Data released today by the National Centre for Vocational Education Research (NCVER) confirms Labor’s failure on vocational education and training (VET) with course completion rates slumping to just a third in 2013.

The likelihood of completing a government-funded VET program 2009-13 report shows course completions for all VET qualifications dropped from 36 per cent for 2012 commencements to 34 per cent for 2013 commencements.

Young full-time VET students aged 25 and under were hardest hit, experiencing the biggest drop in completions rates, down 14.5 per cent from 46.8 per cent in 2012 to 40.9 per cent in 2013.

Completions of young students studying every single qualification level, from Certificate 1 to Diploma and above, slumped in 2013 compared with the previous year.

Assistant Minister for Education and Training Senator Simon Birmingham said whilst not all students enrolled in a course to complete a full qualification, course completions were significant.

“For example, in 2014, 86 per cent of students who successfully completed apprenticeships and traineeships were employed after their training,” he said.

“The data released today reveals the full impact of Labor’s failed policies, and how much they let down VET students looking for skills for work, employers looking for skilled graduates to help boost productivity, and taxpayers who provided significant funding for training.”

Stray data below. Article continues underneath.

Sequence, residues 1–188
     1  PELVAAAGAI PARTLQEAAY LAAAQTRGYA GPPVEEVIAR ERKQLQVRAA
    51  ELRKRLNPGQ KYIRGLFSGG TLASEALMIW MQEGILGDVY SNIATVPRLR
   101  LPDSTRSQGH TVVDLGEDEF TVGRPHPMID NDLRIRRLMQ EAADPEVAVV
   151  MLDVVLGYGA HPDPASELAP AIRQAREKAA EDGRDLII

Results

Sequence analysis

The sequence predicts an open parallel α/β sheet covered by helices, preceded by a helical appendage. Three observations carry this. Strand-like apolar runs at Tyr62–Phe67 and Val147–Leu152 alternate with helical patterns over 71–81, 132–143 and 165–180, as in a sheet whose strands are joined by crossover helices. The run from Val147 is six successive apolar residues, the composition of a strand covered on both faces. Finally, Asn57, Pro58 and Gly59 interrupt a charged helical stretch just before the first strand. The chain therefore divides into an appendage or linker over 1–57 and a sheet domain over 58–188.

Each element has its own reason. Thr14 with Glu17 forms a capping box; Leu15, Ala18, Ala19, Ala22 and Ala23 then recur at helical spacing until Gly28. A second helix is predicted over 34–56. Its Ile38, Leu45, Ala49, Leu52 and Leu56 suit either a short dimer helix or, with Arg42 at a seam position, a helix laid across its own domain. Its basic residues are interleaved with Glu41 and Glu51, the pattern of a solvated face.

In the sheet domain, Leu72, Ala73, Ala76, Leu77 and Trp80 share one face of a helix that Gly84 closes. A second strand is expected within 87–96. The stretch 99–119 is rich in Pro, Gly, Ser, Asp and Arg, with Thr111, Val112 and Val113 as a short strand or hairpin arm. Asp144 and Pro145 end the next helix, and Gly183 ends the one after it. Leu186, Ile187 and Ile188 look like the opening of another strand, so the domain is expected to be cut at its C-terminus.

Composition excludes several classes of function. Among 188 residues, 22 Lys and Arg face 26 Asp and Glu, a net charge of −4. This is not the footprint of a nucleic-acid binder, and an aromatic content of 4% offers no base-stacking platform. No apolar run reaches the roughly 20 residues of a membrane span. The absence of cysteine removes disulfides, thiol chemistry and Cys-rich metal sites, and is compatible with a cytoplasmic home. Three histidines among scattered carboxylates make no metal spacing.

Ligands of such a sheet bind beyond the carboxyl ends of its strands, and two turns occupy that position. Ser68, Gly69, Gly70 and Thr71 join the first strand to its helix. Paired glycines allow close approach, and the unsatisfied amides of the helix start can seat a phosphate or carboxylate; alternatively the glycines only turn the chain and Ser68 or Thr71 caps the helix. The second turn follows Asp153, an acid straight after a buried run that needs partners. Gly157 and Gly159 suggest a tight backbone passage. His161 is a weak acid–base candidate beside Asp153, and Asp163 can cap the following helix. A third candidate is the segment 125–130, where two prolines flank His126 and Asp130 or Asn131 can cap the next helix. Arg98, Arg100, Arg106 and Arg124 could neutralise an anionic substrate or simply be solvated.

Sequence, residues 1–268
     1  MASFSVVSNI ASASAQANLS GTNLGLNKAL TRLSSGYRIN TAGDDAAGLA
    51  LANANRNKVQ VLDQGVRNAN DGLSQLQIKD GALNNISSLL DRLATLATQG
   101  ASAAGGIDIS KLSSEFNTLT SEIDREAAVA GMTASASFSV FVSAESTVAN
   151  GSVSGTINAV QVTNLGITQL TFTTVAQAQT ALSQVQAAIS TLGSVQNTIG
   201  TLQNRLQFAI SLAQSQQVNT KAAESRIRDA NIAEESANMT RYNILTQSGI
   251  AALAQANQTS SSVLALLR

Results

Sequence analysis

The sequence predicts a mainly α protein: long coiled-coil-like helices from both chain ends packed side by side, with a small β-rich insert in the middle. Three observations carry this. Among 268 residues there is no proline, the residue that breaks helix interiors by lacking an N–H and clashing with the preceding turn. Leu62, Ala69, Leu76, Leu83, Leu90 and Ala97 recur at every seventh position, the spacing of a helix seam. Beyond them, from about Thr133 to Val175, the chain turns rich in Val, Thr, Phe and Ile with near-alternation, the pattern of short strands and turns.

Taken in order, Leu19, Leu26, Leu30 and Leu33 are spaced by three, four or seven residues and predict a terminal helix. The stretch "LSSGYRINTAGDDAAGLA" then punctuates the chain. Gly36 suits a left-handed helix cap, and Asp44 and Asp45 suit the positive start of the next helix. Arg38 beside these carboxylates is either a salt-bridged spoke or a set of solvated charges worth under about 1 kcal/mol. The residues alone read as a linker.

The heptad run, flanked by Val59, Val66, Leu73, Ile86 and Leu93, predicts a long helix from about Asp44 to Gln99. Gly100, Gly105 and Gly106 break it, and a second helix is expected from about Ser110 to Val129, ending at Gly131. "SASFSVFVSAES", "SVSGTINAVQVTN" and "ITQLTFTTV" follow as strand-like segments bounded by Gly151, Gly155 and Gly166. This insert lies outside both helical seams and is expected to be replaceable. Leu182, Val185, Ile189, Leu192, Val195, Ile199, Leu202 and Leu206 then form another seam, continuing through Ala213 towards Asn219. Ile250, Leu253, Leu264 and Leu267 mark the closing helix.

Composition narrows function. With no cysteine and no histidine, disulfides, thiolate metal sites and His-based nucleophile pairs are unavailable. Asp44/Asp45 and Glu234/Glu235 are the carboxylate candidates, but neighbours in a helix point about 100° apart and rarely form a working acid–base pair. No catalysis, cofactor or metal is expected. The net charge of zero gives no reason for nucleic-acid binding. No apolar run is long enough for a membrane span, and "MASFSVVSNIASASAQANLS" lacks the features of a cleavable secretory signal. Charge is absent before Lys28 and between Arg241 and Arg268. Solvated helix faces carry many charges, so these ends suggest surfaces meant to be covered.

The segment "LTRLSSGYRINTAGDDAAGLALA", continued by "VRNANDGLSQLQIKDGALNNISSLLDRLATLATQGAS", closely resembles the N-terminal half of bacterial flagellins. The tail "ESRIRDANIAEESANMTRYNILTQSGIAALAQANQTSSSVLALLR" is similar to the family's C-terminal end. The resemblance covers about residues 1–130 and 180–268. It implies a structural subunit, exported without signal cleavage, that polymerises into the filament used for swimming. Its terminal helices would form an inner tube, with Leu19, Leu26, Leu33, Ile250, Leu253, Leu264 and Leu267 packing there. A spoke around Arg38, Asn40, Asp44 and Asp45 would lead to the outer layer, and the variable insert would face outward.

“Previous NCVER data shows apprenticeship completions flat lined under Labor at around 50 per cent, and today’s data shows this slump extends across the entire VET spectrum of qualifications,” he said.

“In contrast our Government has put industry at the heart of designing VET content to ensure it delivers training for real jobs, established the Industry Skills Fund to help employers upskill their workers to grow their business, and introduced tough new standards for all registered training organisations and reformed VET FEE-HELP to reduce inappropriate enrolments.

“The Australian Government is committed VET training that provides real skills for work, and employment, improves the quality and relevance of training, and raises the status of a VET qualification to its rightful place as a rewarding and valued career pathway.”

Media contact: Caitlin Keage 0427 729 987